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Council passes nuisance ordinance

Those who violate the rules could be fined; attorney warns against targeting sober-living homes.

October 01, 2013|By Hannah Fry

The Costa Mesa City Council unanimously passed an ordinance Tuesday designed to allow city officials to levy fines up to $1,000 in an attempt to control nuisance behaviors such as loud noise and drifting smoke in residential areas.

The Public Nuisance Abatement Ordinance, which had its first reading Sept. 17, will take effect in 30 days.

Those who violate the ordinance face a fine of $250 for the first violation, $500 for the second and $1,000 for all other repeat offenses, according to city documents.

The ordinance, which the Planning Commission recommended that the council adopt in May, provides the city with a more streamlined approach toward fixing "chronic and long-term problems" that spill over and are detrimental to other properties, according to city staff.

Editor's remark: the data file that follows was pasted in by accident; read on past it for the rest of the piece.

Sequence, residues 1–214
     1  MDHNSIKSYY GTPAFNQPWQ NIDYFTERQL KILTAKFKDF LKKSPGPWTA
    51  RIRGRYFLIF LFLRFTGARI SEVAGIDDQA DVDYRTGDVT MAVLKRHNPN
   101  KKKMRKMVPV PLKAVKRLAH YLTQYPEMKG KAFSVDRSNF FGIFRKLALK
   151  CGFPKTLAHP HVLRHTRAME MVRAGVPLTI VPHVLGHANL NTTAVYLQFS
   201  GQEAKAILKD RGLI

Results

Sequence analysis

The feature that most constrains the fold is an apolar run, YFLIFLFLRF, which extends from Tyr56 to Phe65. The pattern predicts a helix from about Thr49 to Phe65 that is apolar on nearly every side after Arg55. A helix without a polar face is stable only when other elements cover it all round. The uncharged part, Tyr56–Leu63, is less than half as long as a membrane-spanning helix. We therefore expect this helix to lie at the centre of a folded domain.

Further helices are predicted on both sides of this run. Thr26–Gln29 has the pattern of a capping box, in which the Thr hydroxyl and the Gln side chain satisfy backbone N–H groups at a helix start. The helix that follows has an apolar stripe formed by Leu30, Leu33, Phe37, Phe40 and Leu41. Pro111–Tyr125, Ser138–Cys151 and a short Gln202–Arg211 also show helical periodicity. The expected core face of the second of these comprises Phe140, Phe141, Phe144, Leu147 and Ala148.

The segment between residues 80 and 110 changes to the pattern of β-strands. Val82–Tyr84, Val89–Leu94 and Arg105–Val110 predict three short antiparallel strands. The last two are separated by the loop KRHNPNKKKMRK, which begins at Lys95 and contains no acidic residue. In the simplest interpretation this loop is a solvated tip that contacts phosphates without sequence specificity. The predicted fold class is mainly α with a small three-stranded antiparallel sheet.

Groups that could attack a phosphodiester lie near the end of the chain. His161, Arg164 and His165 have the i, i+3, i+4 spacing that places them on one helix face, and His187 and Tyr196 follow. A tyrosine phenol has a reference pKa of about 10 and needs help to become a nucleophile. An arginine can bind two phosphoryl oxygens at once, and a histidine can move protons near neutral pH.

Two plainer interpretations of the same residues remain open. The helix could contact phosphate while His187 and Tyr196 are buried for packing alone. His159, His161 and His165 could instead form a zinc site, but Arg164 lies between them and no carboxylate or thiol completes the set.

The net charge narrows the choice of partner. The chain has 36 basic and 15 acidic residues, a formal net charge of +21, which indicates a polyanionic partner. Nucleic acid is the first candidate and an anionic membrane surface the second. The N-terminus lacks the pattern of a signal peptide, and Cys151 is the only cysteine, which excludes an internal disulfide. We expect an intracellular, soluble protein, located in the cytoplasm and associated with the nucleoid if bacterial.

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Currently, the city's code limits its nuisance abatement ability to property maintenance issues, according to city documents.

Now, a nuisance property might be a home that is in disrepair, overflowing with possessions and debris or the source of constant noise or drifting smoke. Blighted properties that attract squatters or areas where a "disproportionate amount of criminal offenses are being committed," such as motels, would also fall under the ordinance, according to city documents.

Under the new ordinance, if a property is identified as a nuisance, city code enforcement officers make contact with the property owner in person or in a letter detailing the concern. City officials then have the discretion to either meet with the property owner to discuss the issue or initiate fines, said Rick Francis, the city's assistant chief executive officer.

Those found to be in violation of the ordinance could be fined and forced to remedy the problem within 30 days, but they would also have the opportunity to appeal.

The Costa Mesa action comes in the wake of a recent court decision that revitalized lawsuits against Newport Beach by sober-living home owners over a 2008 zoning ordinance that drove many group homes out of the city and forced others to limit services.

Newport Beach passed the ordinance after residents complained that dozens of group homes had created parking, traffic, noise and secondhand smoke problems in residential neighborhoods.

A key difference with Costa Mesa's ordinance is that the city isn't concerned with where the properties are located, only that they are negatively affecting the rest of the community, said Mayor Jim Righeimer.

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